The restructuring eliminated more than $8 billion of Murray’s debt and legacy liabilities, and it allowed the new company to access new financing, providing ACNR with enhanced financial flexibility, the company statement said.
When the bankruptcy filing was announced in October 2019, Robert D. Moore was named president and CEO of Murray Energy, replacing Robert Murray. Moore also heads the new company, which has more than 4,000 employees.
“Throughout these complex proceedings, we have been challenged with a global pandemic, extremely volatile coal markets, and months of uncertainty, Moore said. “Our employees and business partners met these challenges, and, together, moved the company forward to today’s emergence.”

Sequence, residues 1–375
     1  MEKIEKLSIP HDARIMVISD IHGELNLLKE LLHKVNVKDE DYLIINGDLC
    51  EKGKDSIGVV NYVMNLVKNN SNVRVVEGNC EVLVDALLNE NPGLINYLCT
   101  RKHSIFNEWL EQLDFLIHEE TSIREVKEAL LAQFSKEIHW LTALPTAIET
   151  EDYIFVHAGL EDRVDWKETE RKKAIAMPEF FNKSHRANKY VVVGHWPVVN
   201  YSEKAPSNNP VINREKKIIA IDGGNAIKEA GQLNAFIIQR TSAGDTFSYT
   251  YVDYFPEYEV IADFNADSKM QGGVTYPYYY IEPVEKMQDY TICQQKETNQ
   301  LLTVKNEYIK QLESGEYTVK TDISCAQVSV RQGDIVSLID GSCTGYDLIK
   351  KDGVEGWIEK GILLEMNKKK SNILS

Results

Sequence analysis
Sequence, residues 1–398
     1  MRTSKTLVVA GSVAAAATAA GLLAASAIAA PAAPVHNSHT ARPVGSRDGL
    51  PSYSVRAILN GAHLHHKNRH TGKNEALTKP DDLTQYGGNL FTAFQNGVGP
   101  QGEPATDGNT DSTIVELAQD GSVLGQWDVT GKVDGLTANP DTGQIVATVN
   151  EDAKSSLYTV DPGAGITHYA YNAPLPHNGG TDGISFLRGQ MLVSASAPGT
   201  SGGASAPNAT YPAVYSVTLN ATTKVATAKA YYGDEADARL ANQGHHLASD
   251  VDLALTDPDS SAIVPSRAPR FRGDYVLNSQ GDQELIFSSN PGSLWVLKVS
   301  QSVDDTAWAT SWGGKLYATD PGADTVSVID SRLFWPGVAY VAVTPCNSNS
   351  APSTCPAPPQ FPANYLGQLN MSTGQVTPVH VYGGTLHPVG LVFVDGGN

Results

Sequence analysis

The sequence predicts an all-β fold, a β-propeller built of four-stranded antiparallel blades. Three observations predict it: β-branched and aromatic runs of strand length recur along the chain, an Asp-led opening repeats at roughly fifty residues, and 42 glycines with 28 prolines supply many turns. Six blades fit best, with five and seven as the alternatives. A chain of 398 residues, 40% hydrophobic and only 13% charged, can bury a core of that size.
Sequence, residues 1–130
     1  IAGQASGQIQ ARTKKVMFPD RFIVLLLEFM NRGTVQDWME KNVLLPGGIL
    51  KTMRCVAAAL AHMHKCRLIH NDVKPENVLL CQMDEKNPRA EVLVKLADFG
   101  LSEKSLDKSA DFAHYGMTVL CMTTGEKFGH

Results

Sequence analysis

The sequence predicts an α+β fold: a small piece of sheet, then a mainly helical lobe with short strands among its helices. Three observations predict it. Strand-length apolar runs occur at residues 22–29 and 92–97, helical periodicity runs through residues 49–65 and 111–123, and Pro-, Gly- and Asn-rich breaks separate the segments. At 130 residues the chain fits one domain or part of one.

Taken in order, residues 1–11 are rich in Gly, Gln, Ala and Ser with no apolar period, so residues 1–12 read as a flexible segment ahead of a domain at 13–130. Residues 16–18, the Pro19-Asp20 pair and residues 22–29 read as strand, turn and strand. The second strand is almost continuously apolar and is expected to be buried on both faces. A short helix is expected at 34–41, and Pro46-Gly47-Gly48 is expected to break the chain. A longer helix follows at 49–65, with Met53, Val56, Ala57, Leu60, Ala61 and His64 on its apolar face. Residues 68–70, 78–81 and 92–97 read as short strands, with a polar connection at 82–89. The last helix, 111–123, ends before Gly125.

When it filed for bankruptcy last year, Murray Energy joined a growing list of struggling coal producers as utilities switch away from coal to cheaper and less-polluting renewable energy or natural gas. Other major producers to seek bankruptcy protection last year included Blackjewel Mining in West Virginia and Cloud Peak Energy in Wyoming.
Robert Murray had pushed for and received a flurry of regulatory breaks from the Trump administration. The bankruptcy filing marked a significant political failure for President Donald Trump, who had sought to end what he called a "war on coal" by Democrats as a key part of his campaign and early presidency.
ACNR has hired members of the United Mine Workers union who formerly worked at Murray Energy, the union said in a statement. Union members ratified an agreement with ACNR in May.
“There is much to be concerned about for those of us associated with and working in the coal industry during these troubling times, but it is good that this process has finally been completed and our members can put the uncertainty of the bankruptcy behind them,” UMW President Cecil Roberts said.